around 70 near the coast and across southern areas...and in the middle
50s to around 60 in northwest parts of the forecast area where The
Wedge is likely to persist. Lows Tuesday night should be in the middle
50s to lower 60s...with temperatures potentially rising in northwest
portions of the area as the warm front lifts north.

Wednesday and Wednesday night...a deep middle and upper level trough
will advance east of the Mississippi Valley...driving a strong cold
front at the surface toward the southeast coast. The front is
expected to move through the area Wednesday evening into the early
overnight hours. Deep moisture and enhanced forcing for ascent will
support widespread showers with embedded thunderstorms Wednesday
ahead of the front. Despite impressive wind fields
instability at the surface due to widespread rainfall will
significantly reduce the severe weather potential and the Storm
Prediction Center only has the area highlighted in a marginal risk
for severe thunderstorms at this time. If for some reason some
surface based instability can develop...then there would be a small
potential for isolated damaging wind gusts Wednesday afternoon into
Wednesday evening. Showers will then begin to taper off from the
west-southwest overnight as the cold front shifts offshore.
Temperatures on Wednesday should surge into the lower 70s as the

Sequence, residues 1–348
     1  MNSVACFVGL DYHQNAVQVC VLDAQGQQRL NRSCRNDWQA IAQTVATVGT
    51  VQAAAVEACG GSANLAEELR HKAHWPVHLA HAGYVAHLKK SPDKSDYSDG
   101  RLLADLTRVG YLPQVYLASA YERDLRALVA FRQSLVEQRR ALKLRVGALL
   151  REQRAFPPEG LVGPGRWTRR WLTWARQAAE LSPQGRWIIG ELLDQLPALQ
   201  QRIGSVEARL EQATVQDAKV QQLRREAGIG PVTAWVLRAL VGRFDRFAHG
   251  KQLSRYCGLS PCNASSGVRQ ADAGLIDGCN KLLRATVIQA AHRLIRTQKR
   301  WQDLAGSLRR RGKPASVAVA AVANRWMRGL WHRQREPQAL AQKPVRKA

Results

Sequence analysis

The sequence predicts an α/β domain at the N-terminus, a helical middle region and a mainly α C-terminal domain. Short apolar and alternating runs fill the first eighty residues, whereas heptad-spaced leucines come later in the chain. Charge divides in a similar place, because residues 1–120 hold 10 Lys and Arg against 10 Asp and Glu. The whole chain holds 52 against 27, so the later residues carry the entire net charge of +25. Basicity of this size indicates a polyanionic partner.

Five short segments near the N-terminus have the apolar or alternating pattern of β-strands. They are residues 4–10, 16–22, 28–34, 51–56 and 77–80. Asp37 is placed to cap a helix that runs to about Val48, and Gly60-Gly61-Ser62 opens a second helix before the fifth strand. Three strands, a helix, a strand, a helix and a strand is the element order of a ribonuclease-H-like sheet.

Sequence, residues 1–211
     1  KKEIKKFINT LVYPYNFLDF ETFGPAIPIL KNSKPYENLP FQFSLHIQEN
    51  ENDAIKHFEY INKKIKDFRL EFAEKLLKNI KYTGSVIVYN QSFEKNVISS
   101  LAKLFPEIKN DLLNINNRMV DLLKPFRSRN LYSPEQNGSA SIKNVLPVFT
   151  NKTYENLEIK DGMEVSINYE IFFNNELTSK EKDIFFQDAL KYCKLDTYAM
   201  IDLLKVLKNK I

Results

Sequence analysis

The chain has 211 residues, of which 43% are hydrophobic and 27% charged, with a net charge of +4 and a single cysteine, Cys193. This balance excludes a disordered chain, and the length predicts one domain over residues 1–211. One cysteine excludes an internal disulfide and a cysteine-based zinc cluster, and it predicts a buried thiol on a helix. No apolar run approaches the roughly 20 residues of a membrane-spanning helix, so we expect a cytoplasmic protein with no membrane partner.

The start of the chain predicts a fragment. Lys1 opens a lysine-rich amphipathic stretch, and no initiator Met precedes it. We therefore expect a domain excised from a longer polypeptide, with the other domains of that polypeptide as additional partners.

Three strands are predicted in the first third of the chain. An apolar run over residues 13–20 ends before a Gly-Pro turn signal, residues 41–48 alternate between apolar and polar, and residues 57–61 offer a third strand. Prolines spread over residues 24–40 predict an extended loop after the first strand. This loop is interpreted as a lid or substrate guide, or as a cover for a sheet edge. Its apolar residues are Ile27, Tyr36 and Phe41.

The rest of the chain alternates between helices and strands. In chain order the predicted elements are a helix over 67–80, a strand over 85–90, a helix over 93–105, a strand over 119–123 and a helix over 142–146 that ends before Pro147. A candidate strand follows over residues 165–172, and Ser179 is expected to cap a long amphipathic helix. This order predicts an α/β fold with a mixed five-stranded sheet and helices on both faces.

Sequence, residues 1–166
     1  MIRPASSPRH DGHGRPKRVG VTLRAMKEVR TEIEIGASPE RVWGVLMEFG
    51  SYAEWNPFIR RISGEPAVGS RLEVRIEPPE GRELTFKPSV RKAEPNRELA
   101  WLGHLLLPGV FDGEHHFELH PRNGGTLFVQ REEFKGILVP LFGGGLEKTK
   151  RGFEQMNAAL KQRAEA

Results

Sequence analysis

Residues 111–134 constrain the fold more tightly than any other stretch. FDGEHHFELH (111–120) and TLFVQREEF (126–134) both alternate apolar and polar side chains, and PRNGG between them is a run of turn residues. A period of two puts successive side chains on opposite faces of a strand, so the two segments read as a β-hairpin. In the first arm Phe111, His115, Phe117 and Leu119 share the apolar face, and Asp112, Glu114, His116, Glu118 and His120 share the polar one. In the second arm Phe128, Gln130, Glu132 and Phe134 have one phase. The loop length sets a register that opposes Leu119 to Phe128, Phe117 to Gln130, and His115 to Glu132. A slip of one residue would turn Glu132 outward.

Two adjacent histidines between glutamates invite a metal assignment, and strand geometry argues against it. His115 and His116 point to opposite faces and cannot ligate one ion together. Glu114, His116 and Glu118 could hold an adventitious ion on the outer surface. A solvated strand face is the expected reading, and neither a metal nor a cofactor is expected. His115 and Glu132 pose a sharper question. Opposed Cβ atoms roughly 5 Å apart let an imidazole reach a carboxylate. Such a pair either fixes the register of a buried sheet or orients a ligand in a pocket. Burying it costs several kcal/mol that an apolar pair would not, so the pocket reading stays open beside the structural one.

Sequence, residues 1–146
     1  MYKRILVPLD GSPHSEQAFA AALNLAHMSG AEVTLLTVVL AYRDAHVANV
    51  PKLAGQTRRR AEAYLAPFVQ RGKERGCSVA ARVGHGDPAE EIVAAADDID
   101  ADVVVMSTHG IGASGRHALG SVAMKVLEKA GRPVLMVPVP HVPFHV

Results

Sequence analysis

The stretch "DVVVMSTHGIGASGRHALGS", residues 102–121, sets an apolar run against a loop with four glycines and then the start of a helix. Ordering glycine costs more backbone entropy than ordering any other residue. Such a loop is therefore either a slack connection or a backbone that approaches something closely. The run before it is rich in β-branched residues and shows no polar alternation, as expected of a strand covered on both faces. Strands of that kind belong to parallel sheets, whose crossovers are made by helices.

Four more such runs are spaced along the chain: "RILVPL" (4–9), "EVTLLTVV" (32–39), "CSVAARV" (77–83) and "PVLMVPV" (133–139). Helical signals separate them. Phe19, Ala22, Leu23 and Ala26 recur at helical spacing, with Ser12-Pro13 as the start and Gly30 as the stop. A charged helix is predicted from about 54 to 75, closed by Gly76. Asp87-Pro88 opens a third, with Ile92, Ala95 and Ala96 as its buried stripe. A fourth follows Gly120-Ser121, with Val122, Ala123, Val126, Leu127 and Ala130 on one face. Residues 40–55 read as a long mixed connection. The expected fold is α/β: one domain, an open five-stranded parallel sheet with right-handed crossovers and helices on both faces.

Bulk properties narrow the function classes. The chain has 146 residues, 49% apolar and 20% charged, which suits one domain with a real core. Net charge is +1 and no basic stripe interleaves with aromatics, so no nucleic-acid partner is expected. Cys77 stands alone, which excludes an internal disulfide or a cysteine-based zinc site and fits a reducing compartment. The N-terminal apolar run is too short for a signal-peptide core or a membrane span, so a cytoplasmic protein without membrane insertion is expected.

southerly flow strengthens and some compressional heating occurs
ahead of the front. Lows Wednesday night will be in the upper 40s to
lower 50s.

Thursday...surface high pressure will build into the region from the
Gulf Coast region...with westerly winds resulting in rain-free
conditions. Skies will gradually clear through the day...with highs
reaching the middle and upper 50s.


Long term /Thursday night through Monday/...
quiet weather will prevail into the weekend as high pressure becomes
centered over the southeastern United States. Overall high temperatures
should gradually warm each day as high pressure continues to slide
east late weekend...allowing a light southerly flow to return to the
area. In general...temperatures will reach the lower 60s on Friday...then
to the middle 60s on Saturday. Overnight lows should range in the the
low/middle 40s into the weekend. The next best chance of precipitation should
occur early next week with a cold front that approaches the region.
However...confidence in timing and strength of pattern is quite low
given large discrepancies in model solutions.


Aviation /20z Monday through Saturday/...
we expect both terminals to remain tanked at IFR or lower through
the majority of the 18z taf period. Widespread moderate to heavy
rain will spread across both terminals this afternoon with
occasional visibility reductions. A strong wedge of high pressure will
remain in place at least through tonight. However a warm front is
expected to lift north late tonight with increasing low- level
moisture approaching the terminals. Ongoing LIFR stratus will
likely build-down this evening with visibilities dropping to LIFR.
Conditions do not support much recovery on Tuesday...though surface